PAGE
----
Group effort here with Mr. Kit: I just finished reading The Immortal Life of Henrietta Lacks; this could be a jumping-off point for cancer research. Or, you could read about the series of discoveries that led to the discovery of the DNA code, like the work done by Watson & Crick, or even Watson's own account of their work. Here's a book about Rosalind Franklin, whose work Crick & Watson relied on in their research.
posted by kitarra at 12:29 PM on February 1, 2012

More notes: Have previously read about computer development, Everest, polar expeditions and discovering DNA, so if we could steer away from those topics, that would be great.
posted by Brandon Blatcher at 12:36 PM on February 1, 2012

Ernest Shackleton
posted by Confess, Fletch at 12:44 PM on February 1, 2012

In the same vein as Ernest Shackleton but with more piracy, I suggest Felix Von Luckner.
posted by RonButNotStupid at 1:04 PM on February 1, 2012

There are also a wide range of books on the construction of the Panama Canal, covering not just the engineering, but also Latin American and US politics; failed Spanish, French and Scottish attempts; the canal's impact on global trade; and the impact of the construction on the treatment of tropical diseases.
posted by chrisulonic at 1:12 PM on February 1, 2012

From studying Italian, you could read up on Silvio Berlusconi's corruption, and then the Mafia, from Italy to the US.
posted by ellieBOA at 3:15 PM on February 1, 2012

Re "recommendation on code breaking" above, try "The Hut Six Story" by Gordon Welchman
posted by lungtaworld at 5:15 PM on February 1, 2012

try "The Hut Six Story" by Gordon Welchman

I'd also recommend The Codebreakers by David Kahn. It's a pretty extensive history on the subject, and the sections covering WWII are great. If you like Kahn, you might also enjoy The Puzzle Palace, by James Bamford, which is a detailed look at the inner workings (!) of the NSA.
posted by jquinby at 5:53 PM on February 1, 2012

My dad loved Daniel Yergin's The Prize about the growth of the oil industry.

I bet there's a ton of books in that vein.
posted by jann at 6:36 PM on February 1, 2012

How about the US Interstate Highway System?
posted by Harald74 at 3:14 AM on February 2, 2012 [1 favorite]

Have you read Space Race? That also has a lot of info on the Soviet program.
posted by empath at 6:15 AM on February 2, 2012

The Atomic Bomb was an amazing project to read about. Basically everyone involved changed the world in one way or another. Richard Rhodes is an excellent writer.
posted by montaigneisright at 7:20 AM on February 2, 2012

The Great Escape by Paul Brickhill: The first and still definitive account of the attempted mass escape of Allied POW's during World War II.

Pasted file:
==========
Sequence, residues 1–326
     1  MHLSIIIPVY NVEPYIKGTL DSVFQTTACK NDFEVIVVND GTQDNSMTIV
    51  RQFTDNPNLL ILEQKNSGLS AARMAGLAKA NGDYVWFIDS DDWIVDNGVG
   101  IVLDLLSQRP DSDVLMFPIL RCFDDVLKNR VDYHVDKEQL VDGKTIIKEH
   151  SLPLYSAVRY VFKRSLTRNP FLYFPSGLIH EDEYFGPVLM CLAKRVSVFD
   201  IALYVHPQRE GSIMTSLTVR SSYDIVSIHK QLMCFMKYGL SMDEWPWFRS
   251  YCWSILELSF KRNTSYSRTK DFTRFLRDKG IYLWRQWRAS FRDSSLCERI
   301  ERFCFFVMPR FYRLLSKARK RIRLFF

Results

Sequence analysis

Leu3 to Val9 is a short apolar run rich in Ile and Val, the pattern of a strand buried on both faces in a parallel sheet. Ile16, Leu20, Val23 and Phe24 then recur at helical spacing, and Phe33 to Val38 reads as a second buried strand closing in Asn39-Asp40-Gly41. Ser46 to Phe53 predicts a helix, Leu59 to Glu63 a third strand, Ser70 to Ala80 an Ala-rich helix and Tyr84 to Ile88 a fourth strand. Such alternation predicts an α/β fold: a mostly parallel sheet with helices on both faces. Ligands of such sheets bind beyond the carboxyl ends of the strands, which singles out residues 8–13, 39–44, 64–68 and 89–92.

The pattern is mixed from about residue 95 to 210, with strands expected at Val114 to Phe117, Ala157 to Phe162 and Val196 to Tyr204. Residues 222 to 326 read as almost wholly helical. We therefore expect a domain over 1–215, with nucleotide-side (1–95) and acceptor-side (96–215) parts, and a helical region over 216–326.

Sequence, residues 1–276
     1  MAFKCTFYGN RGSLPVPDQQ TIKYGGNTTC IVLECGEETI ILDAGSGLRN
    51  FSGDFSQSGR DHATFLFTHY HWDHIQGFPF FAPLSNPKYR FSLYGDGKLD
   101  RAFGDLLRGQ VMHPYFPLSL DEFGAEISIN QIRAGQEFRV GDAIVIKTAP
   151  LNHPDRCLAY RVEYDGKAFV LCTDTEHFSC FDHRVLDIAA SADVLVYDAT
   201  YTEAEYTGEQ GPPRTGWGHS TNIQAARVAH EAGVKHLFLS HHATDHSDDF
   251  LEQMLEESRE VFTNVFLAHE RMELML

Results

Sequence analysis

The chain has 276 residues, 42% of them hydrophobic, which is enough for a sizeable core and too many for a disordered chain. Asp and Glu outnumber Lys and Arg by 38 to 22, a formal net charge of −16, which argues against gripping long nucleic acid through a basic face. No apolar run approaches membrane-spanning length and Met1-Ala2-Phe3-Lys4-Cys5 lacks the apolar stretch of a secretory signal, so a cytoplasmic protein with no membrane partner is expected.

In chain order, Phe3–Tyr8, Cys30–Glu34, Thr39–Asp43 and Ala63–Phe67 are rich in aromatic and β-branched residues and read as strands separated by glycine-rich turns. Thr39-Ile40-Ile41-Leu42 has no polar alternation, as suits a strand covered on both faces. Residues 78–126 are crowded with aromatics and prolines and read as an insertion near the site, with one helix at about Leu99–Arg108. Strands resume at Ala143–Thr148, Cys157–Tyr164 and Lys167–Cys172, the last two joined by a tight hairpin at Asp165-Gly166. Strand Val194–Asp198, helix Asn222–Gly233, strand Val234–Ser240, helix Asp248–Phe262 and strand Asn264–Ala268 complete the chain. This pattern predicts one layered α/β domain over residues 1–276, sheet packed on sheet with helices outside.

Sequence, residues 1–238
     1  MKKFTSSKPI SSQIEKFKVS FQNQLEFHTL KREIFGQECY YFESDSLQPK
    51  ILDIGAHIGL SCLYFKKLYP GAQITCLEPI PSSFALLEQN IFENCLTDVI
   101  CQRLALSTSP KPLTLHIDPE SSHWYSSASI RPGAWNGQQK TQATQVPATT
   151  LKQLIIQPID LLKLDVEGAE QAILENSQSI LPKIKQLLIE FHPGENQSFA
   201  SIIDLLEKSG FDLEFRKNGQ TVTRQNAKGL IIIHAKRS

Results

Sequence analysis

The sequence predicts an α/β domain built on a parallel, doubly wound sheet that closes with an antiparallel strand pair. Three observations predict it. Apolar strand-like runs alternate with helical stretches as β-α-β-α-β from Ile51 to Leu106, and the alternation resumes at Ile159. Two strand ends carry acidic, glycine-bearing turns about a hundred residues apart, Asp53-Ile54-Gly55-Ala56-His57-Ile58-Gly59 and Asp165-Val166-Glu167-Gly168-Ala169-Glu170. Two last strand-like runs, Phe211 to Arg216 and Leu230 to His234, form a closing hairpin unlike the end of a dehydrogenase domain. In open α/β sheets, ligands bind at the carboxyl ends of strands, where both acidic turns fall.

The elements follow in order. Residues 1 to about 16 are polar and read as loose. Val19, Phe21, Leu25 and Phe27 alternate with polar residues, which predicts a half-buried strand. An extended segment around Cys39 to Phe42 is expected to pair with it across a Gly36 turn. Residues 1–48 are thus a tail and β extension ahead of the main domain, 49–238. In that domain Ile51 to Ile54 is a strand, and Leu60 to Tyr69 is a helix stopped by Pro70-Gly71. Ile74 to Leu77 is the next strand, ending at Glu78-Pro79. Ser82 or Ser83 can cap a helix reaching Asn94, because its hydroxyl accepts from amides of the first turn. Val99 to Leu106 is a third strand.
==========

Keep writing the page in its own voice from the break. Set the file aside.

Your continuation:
The Longest Tunnel by Alan Burgess: a later overview of the whole escape. Doesn't go into as much detail as Brickhill, but benefits from some behind the Iron Curtain sources becoming available.

Stalag Luft III by Arthur Durand: History of the entire camp the escape was made from.

Then some memoirs and biographies of folks who participated in the escape:

Sage by Jerry Sage.
Wings Day by Sydney Smith.
In the Presence of Mine Enemies by Eugen Daniel.
posted by marxchivist at 9:15 AM on February 2, 2012

Since the Italy reading appeals, here's the bibliography from an essay I wrote about Berlusconi's corruption. I highly recommend Paul Ginsborg, I'm currently hunting for my dissertation reading list so will post if I find it.

Amyot, G & Verzichelli, L. (eds). (2006). Italian Politics: The End of the Berlusconi Era? Berghahn Books, Oxford.

Bellucci, P & Bull, M. (eds). (2002). Italian Politics: The Return of Berlusconi. Berghahn Books, Oxford.

Blondel, J & Segatti, P. (eds). (2003). Italian Politics: The Second Berlusconi Government. Berghahn Books, Oxford.

Cento Bull, A & Gilbert, M. (2001). The Lega Nord and the Northern Question in Italian Politics. Palgrave, Basingstoke.

Ginsborg, P. (2001). Italy and its Discontents. Penguin Books, London.

Ginsborg, P. (2004). Silvio Berlusconi: Television, Power and Patrimony. Verso, London.

Hitchcock, W. (2004). The Struggle for Europe: A History of the Continent since 1945. (Paperback edition). Profile Books Ltd, London.

Lane, D. (2005). Berlusconi’s Shadow. (Paperback edition). Penguin Books, London.

Stille, A. (2007). The Sack of Rome: Media + Money + Celebrity = Power = Silvio Berlusconi. (2nd). Penguin Books, London.
posted by ellieBOA at 1:21 PM on February 2, 2012